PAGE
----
EPA hands regulatory playbook to Trump team

By Robin Bravender, Kevin Bogardus | 12/23/2016 12:59 PM EST

U.S. EPA chief Gina McCarthy is preparing to hand over the agency to President-elect Donald Trump's nominee, Oklahoma Attorney General Scott Pruitt (R).

U.S. EPA chief Gina McCarthy is preparing to hand over the agency to President-elect Donald Trump's nominee, Oklahoma Attorney General Scott Pruitt (R). Photos by U.S. Department of Interior (McCarthy) and Gage Skidmore (Pruitt), courtesy of Flickr.

U.S. EPA has given the Trump team a report detailing the status of major Obama administration policies, which could become a playbook for the incoming administration vowing to scrap many of those rules.

The 76-page document offers a straightforward summary of major EPA rules that have recently been finalized or are in the pipeline, in addition to charts of key staffers and offices and details about congressional committees with jurisdiction over the agency.

The document appears to have been prepared on Nov. 10, two days after Donald Trump clinched the presidential election. It was released to E&E News this week in response to a Freedom of Information Act request.


EPA’s handbook offers a starting point for the Trump transition team led by Myron Ebell, an outspoken critic of climate science and many Obama environmental rules. He and the other members of the Trump EPA landing team are hustling to prepare a policy agenda for the incoming administration, which has promised to restructure the agency.

Trump’s pick to lead EPA, Oklahoma Attorney General Scott Pruitt (R), has been a leader in fighting some of the Obama EPA’s signature policies in court — including the Clean Power Plan Rule to cut power plants’ greenhouse gas emissions and the Clean Water Rule aimed at defining which waters are subject to Clean Water Act protections.

Those and other major rules are expected to be on the chopping block when the Trump administration takes over.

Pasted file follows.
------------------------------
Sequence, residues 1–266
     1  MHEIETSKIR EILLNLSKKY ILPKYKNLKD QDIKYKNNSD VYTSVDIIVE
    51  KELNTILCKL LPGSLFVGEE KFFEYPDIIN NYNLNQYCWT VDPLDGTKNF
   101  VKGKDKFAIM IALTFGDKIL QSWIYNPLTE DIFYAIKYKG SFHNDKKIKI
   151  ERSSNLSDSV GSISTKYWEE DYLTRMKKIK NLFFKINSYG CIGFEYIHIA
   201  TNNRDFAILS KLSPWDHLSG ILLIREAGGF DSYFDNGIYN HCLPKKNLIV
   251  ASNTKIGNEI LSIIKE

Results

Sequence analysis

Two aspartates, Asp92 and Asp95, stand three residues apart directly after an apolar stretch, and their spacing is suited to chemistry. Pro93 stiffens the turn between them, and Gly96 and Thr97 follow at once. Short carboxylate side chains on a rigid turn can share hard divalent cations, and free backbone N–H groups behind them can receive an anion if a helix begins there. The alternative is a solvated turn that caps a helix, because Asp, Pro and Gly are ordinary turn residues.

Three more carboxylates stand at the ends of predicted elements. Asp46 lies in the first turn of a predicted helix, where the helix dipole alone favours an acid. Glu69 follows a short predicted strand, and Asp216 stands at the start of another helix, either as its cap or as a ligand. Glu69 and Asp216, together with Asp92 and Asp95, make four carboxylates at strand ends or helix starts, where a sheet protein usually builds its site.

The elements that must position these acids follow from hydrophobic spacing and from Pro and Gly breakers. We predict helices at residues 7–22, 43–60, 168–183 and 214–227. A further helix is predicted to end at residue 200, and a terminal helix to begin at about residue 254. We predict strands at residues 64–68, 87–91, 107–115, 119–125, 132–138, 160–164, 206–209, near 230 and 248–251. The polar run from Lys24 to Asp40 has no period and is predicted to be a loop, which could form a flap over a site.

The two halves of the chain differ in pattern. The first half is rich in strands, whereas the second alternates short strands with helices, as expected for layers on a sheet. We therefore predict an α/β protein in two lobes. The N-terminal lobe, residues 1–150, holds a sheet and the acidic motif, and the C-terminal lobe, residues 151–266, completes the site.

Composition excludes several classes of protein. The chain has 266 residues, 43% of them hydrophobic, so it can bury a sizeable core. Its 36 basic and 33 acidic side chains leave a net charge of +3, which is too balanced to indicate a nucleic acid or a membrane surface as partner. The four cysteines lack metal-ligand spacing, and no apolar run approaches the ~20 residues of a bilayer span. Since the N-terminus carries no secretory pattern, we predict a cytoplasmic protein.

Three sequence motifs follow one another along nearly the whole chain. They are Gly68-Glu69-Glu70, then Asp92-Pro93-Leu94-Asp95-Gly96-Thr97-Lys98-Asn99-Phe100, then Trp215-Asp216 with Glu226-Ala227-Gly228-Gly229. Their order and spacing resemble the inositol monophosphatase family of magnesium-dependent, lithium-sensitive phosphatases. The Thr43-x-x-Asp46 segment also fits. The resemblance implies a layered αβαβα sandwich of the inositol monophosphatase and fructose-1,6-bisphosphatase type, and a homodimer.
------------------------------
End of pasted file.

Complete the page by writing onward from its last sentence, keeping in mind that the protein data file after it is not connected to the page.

EPA’s document also summarized some of the major rules that are still pending, all of which are likely to get a close look from the incoming Trump team.

Scott Segal, an industry lobbyist at Bracewell LLP, said today that "not all rules are created equal" when it comes to unraveling them.

"Some rules are purely at the discretion of the EPA based on political priorities of the agency," he said. "Some rules are required either by statute or by settlement agreement. … It’s obviously far easier to eliminate rules that are based purely on EPA discretion."

Segal called the transition document a "helpful summary," but added, "It’s safe to say that those who follow the EPA closely would have known the contents of a document like this well prior to November. It’s not the keys to the kingdom."

The EPA transition document appears to be standard fare during a presidential transition.

Bob Sussman, who helped lead the Obama EPA transition team in 2008, said his team received something similar from the outgoing George W. Bush administration. The EPA team at the time received additional information from agency staffers in response to their requests.

At other agencies, requests from the Trump transition team have raised hackles. At the Energy Department, for example, queries about which staffers have worked on climate initiatives have sparked concerns among career employees.

The New York Times reported yesterday that a Trump transition team request to the State Department has similarly spooked employees. The team asked State employees to submit details about programs and positions that promote gender equality, rousing fears that the incoming administration could roll back some of those programs, the paper reported (see related story).

Some EPA staffers are wary of how the incoming administration will deal with their agency (which Trump has previously advocated dismantling) and their work. Employees became even more nervous after seeing the DOE questions targeting those who worked on climate issues (Greenwire, Dec. 12).

The Trump team has since sought distance from the DOE memo. A transition official was quoted saying the DOE questions were not "standard protocol" and that the "person who sent it has been properly counseled" (E&E News PM, Dec. 14).